We have recently considered a range of social learning behaviours supported in our recently designed and implemented collaborative learning system which supports students giving and receiving feedback on each other’s developing work and practice. The course was delivered to several thousand students on Coursera during which students were directed onto our social learning environment to take part in group work and assessment activities.

The aim was to argues that the results obtained using the our swarm intelligence algorithm (as a learning analytics tool) indicate the promising potential of predicting students performance based on their social behaviours. This work has a number of potential benefits including designing better social learning systems, designing more effective social learning and assessment exercises, and encouraging disengaged students.

In addition, this work is an important step in addressing our long term goal of evidencing how critical student learning takes place as they give and receive feedback to and from each other on work in progress.

Investigating plagiarism and academic integrity


Kevin Wilson, one of the Goldsmiths’ Librarians, outlines the Teaching Fellowship project being undertaken this academic year (2015-16):

Through my experiences of supporting academic staff teaching referencing to students over the last few years, I’ve worked with dozens of students, at all levels, who find referencing and plagiarism both challenging and something to be feared. In support workshops run by the Library, I teach both the principles behind referencing and the related  consequence resulting from inattention,  plagiarism and demonstrate how to use online referencing software across the academic year (both in an optional, drop-in basis and also embedded into the postgraduate curricula of Media and Communications students). I’ve seen first-hand the confidence students develop in attending these sessions, but it’s only ever a very small sample of students to whom I speak.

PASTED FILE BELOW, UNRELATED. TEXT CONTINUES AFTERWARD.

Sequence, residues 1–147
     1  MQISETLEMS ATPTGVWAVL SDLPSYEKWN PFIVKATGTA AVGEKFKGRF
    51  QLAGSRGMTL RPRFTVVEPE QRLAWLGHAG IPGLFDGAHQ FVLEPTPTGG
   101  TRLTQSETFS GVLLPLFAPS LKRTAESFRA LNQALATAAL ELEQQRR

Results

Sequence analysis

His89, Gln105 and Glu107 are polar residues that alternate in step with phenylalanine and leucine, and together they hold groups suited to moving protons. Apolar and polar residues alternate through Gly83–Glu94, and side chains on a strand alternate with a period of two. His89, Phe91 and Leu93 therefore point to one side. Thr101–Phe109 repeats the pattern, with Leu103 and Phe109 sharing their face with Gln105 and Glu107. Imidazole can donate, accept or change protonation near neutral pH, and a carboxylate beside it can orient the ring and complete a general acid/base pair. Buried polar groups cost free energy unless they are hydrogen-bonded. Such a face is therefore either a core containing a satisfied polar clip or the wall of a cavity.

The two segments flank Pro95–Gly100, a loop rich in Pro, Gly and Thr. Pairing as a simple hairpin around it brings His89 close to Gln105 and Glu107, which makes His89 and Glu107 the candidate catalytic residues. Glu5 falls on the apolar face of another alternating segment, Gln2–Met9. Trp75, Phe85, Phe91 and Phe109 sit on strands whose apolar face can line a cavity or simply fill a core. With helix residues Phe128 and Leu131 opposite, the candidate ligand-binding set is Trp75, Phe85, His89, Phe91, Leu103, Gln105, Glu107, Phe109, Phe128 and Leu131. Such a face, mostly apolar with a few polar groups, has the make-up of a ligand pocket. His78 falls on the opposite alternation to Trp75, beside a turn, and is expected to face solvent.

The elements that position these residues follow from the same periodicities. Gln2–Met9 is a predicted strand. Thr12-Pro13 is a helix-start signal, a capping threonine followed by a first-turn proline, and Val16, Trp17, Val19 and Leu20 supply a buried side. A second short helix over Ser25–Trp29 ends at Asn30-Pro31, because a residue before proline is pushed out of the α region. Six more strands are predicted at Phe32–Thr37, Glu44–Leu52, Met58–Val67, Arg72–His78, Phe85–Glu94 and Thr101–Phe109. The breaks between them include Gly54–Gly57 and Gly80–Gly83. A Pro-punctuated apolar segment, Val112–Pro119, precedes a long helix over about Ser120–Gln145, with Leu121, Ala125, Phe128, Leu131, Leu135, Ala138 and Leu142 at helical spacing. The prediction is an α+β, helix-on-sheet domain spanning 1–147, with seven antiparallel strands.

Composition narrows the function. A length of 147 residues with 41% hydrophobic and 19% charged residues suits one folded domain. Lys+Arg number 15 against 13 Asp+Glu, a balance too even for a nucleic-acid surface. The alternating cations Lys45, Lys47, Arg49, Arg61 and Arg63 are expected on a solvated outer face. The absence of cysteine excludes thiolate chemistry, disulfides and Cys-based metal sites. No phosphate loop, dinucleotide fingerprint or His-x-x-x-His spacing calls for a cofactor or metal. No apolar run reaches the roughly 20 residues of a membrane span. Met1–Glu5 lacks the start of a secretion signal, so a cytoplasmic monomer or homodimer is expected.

For my PgCert, I investigated this area more, both undertaking research into student perceptions of referencing and plagiarism and also reflecting on my own teaching practice. For the individual project, I worked with a small group of STaCS students undertaking the MA in Domestic Violence and supported the module provision in developing confidence and ability in referencing correctly and avoiding plagiarism.

The experience highlighted the importance of having a concept of ‘academic integrity’ in mind and the TaLIC Fellowship has given me the opportunity to take this area of interest even further, looking at the Goldsmiths provision within this domain and the exploration of the notion of academic integrity across the entire College.
The lurid reporting of the popular press, which has in the last few years claimed that “cheating found to be rife in British schools and universities” or that “45000 caught cheating at Britain’s universities” have served as ample motivation for the study.  Even last week, the Independent suggested “half of UK university students are losing marks for not referencing correctly”.

So far, I’ve spoken to Elisabeth Hill, Pro-Warden for Learning, Teaching & Enhancement, to learn more about the work of LTEC and discover her thoughts about these issues. Soon I’ll be meeting with Sean Cubitt and Marianne Franklin, who are joint Head of Department and Head of the Learning and Teaching Committee in Media and Communications respectively, then surveying teaching staff in the department about their thoughts and experiences. I’ll then roll this out to all academic departments across the Summer and Autumn terms.

The aim is to draw a clear picture of the experience at Goldsmiths; I also intend to make contact with staff at other institutions and learn more about what is happening elsewhere.  At the end of the project, I will make recommendations for how to take this project forward and which steps can be taken to ensure that all students are not only aware of academic integrity and plagiarism, but also feel confident around what can be a nerve-racking subject.

I’ll be speaking more about my work at the TaLIC lunchtime seminars (Summer 2016) on Wednesday 27th April.

Plagiarism (2013) Available at: (Accessed: 20/04/2016)